The artist has also collaborated with the city’s theater on staging the work The Interrogation that same weekend, based on actual covert procedures that took place inside a black site operated from within a facility to house refugees. The work comes at a momentous time for Munich. German newspapers have been chasing Wanner for this information, and the BND in general has come under fire in recent years as details of its complicity in murders by the neo-Nazi group known as the NSU have come to light. The London-based collective Forensic Architecture has managed to prove that a BND agent , It is one of the Turner prize nominee’s many investigations.)
Meanwhile, the state of Bavaria is moving to expand the spying authority of police on its civilians with a controversial law. If it passes in the state parliament this May, the Bavarian police will be able to legally tap phones, spy on suspects and confiscate mail without a warrant.
It is flash points like this that caught Warsza’s attention when she devised her program for Munich. “My interest lies in performativity and context, and how these two elements come together,” she said. “Munich is a pretty conservative city, where things sometimes go wild. I’m interested in these tectonic shifts.”
The artist Michaela Melián, whose work Music From a Frontier Town will be presented this weekend, found hundreds of records left behind by the US government at the Munich Amerikahaus, the first in a series of cultural outposts that the US opened across West Germany with the mission to “reeducate” the German population after the end of the Nazi regime. As the Cold War began, these centers also served for propaganda purposes, with music being an important cultural import. (The Amerikahaus ceased its operation in Munich in 1997).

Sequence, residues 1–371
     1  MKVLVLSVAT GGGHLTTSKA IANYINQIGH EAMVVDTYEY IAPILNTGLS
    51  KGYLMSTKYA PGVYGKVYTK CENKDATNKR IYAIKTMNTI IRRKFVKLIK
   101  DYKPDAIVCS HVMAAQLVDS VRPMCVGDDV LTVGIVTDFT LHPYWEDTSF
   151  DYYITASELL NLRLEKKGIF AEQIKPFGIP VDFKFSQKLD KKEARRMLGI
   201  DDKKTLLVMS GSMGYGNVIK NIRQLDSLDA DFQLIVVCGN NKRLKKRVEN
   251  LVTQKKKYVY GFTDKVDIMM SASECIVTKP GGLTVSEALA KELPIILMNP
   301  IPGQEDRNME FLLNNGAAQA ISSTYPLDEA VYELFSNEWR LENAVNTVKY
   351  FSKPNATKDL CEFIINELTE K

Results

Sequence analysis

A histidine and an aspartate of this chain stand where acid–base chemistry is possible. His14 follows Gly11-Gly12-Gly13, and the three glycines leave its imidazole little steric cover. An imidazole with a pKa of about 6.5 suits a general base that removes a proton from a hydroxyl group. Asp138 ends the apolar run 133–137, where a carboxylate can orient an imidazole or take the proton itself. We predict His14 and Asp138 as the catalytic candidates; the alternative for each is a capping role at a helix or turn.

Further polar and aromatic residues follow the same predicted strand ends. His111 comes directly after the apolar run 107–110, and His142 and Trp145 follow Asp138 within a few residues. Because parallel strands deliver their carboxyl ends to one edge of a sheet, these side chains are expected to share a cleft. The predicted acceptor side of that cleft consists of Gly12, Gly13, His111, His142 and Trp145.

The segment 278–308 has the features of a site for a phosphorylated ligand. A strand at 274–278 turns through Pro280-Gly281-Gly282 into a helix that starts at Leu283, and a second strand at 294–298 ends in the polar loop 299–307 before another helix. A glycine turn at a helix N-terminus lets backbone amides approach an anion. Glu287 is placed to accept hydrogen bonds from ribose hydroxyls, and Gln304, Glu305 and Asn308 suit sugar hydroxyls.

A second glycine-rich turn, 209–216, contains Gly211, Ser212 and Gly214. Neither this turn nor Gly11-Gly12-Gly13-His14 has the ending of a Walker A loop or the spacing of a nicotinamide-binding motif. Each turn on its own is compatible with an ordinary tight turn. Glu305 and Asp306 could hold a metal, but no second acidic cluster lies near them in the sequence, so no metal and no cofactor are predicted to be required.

Another highlight of the program that is sure to get the attention of a crowd beyond the traditional art world also has to do with soccer. On June 2, Alexandra Pirici, fresh on the heels of her New Museum show “Co-Natural,” together with artist Jonas Lund are due to present the work N Football. It is a major production that will see the male and female junior teams of FC Bayern playing a match set to somewhat modified rules inside the Allianz Arena, designed by architects Herzog & de Meuron. “I wanted to expose some of the monetary aspects of soccer,” Pirici told artnet News. “If teams can buy players from another team,” she says, the match will ask what happens if a player is bought by the competing team in the middle of a game?
And as for the opening match, the artist Massimo Furlan remained on the field, alone, after the actor who played the GDR gaolscorer, Jürgen Sparwasser, was treated for his broken foot. Furlan stayed in character as as Sepp Maier, the West German goalkeeper, and the spotlight stayed on him, and on the ball he failed to save in 1974.